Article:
The Israeli security establishment traditionally fears arming Saudi Arabia and the Gulf states in general with balance-tipping weaponry that could erode Israel’s qualitative military edge. Saudi Arabia’s looming size and proximity to Israel have traditionally sharpened those concerns. At the same time, the new government in Israel led by Prime Minister Naftali Bennett has declared that it will not hold negotiations with the Palestinians and is working to promote Israel’s ties with Jordan and Egypt, in part due to criticism that it neglected them in wake of the breakthrough with the Gulf states. Such a position, while it does not endanger existing Abraham Accords, makes it difficult for the Saudis to act on a new initiative. Also, in these circumstances, plans to upgrade Saudi Arabia’s custodianship status for Jerusalem’s holy places at the expense of Jordan as a potential incentive for the Saudis – if such plans indeed existed – are now completely out of the question.
Another aspect in which the normalization agreements apparently did not meet Israel’s expectations is the establishment of a unified front against the Iranian threat – a strategic vision that Bennett reemphasized in an interview in The New York Times on the eve of his August visit to Washington. Paradoxically, the Iranian threat and doubts as to the extent the United States can be relied on, which pushed the Gulf states toward Israel from the outset, are what now appear to be preventing the consolidation of a joint front to counter the regime in Tehran.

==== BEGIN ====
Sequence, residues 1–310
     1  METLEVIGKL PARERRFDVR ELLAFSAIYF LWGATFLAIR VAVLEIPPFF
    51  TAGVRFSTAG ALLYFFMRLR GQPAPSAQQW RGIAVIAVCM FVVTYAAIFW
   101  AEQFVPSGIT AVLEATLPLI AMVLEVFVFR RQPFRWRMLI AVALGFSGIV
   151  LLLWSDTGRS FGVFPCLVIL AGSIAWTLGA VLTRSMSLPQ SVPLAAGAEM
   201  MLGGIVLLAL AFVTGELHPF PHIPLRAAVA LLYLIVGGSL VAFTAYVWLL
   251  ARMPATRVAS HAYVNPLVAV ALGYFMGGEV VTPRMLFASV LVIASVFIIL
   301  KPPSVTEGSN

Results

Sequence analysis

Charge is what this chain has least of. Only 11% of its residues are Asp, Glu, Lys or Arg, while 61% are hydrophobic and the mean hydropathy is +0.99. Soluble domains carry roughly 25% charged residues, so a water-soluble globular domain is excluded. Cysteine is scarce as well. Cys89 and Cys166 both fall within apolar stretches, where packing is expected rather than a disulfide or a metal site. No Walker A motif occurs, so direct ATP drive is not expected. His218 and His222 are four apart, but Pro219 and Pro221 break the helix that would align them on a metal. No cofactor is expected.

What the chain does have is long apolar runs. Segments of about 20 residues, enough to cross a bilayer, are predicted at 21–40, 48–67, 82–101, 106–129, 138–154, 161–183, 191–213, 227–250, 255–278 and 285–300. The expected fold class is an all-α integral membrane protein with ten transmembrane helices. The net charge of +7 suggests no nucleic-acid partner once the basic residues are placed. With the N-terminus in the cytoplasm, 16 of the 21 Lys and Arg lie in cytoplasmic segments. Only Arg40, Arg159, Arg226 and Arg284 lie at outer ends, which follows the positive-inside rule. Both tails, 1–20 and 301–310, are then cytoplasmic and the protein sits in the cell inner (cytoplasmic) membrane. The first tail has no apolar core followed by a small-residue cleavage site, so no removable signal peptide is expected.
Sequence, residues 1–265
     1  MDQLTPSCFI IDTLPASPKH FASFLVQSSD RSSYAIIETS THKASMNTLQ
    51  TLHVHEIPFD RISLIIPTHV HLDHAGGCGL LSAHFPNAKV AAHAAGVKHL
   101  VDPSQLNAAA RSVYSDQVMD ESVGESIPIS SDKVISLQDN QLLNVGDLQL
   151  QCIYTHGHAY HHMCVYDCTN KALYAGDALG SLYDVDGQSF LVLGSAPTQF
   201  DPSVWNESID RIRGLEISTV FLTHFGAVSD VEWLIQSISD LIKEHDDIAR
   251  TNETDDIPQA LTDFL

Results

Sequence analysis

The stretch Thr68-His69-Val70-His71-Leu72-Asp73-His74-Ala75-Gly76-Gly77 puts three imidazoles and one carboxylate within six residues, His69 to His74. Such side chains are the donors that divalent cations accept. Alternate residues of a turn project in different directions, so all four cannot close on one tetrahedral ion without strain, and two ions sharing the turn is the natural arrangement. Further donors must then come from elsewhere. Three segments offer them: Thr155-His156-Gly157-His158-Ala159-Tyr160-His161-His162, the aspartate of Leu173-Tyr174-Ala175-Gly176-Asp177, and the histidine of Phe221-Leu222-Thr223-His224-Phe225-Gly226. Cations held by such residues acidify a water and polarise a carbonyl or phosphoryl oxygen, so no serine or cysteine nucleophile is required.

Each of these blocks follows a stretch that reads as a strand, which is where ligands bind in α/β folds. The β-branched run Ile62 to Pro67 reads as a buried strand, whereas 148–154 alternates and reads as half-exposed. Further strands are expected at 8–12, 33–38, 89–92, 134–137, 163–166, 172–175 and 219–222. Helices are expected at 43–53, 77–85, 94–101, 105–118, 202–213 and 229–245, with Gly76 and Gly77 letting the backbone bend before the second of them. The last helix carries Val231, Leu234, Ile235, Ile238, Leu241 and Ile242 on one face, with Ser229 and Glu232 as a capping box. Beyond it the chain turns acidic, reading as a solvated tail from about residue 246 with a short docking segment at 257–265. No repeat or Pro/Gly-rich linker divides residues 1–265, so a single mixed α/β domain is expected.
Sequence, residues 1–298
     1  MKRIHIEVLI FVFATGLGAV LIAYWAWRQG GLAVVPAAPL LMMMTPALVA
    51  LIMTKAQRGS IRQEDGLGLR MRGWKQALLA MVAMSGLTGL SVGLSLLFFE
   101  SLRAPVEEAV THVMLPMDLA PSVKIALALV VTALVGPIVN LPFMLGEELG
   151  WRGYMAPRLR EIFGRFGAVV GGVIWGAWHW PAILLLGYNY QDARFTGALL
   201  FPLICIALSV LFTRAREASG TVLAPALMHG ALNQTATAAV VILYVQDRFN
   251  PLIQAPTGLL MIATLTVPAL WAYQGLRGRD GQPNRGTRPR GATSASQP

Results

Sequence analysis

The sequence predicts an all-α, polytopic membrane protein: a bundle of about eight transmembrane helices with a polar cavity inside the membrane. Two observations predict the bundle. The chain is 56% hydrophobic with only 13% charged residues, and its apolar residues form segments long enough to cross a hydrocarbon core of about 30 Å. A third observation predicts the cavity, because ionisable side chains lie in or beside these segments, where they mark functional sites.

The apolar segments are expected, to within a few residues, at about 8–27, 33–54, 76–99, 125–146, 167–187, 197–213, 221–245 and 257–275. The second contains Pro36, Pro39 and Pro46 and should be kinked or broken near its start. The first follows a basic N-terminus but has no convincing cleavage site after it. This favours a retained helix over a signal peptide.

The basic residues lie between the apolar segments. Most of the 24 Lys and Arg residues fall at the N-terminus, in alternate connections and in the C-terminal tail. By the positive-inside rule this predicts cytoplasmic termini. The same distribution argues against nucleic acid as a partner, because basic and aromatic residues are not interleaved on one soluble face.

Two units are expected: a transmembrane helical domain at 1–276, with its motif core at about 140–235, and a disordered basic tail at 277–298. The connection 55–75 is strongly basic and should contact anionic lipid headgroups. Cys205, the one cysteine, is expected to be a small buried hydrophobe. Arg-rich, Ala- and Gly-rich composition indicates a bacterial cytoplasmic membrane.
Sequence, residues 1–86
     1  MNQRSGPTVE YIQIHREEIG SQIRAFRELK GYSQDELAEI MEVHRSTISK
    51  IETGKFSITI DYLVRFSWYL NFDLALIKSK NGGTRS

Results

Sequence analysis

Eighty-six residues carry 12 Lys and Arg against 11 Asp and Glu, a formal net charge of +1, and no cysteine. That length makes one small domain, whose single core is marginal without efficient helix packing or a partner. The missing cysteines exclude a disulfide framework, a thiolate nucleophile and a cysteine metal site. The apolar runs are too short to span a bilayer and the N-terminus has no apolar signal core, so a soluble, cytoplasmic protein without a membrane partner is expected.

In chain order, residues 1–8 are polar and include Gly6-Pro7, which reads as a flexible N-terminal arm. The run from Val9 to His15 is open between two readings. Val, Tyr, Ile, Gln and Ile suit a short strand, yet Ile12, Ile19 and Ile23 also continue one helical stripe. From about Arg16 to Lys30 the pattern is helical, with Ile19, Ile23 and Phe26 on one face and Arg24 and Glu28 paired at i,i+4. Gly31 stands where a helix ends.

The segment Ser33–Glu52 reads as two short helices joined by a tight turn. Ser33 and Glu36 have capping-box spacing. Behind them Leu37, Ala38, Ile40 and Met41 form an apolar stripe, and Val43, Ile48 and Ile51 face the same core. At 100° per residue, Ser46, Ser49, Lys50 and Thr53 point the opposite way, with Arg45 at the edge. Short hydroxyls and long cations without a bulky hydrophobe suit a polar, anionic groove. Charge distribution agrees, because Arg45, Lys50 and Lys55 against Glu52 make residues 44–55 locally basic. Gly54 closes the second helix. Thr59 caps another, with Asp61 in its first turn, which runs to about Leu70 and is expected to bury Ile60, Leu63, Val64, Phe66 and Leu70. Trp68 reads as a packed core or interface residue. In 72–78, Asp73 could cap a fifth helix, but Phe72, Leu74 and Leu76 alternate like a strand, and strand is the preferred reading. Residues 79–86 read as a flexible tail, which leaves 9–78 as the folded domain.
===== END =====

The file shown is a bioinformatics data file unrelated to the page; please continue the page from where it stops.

The perception of the United States seeking to reduce its presence in the Middle East has grown stronger in the past two years, with its failure to retaliate militarily against the September 2019 attacks reportedly conducted by Iran on Saudi oil refineries and its hasty withdrawal from Afghanistan. At the same time, Iran bluntly threatened the UAE and Bahrain to deter them from engaging in security cooperation with Israel in the Gulf.
Though security and intelligence ties between Israel and the Gulf states have likely grown over the past year, they remain beneath the surface, and the UAE has refrained from openly declaring any security cooperation with Israel, even in defensive aspects, such as missile defense. Moreover, in the face of Iran’s lengthening shadow, the Gulf states, led by the UAE and Saudi Arabia, have only stepped up talks with Iran in efforts to mitigate risks and reach security arrangements and understandings with Tehran.
Finally, Israel has been hoping to see the UAE (and Saudi Arabia) more involved in the Palestinian arena, by increasing support to the Palestinian Authority and replacing Qatar’s role in Gaza, especially after the last round of violence in May, which proved Qatar’s reluctance to leverage its assistance to restrain Hamas. But for their part, Abu Dhabi and Riyadh refuse to get dragged into the quagmire in Gaza, which is ruled by Hamas, a Muslim Brotherhood-linked organization.
While the Abraham Accords broke the Palestinian-driven Arab taboo regarding the advancement of relations between Israel and Arab states, the stalemate between Israel and the Palestinians is still a hindrance to expanding the circle of normalization. At the same time, the Iranian threat to the Gulf states, which drove their rapprochement with Israel, is also an obstacle to enhancing the strategic cooperation between the countries. Finally, the change in administration in Washington – President Joseph R. Biden Jr.’s more cautious approach to the Gulf states and his desire to return to the nuclear agreement with Iran, in tandem with long-standing sympathy among administration officials for a two-state solution – is forcing the parties to adopt a wait-and-see approach.
Under these circumstances, a year after the signing of the Abraham Accords, Israel needs to augment its public and quiet political efforts, while leveraging its economic and diplomatic successes so far, to renew the momentum in its relations with the Gulf states.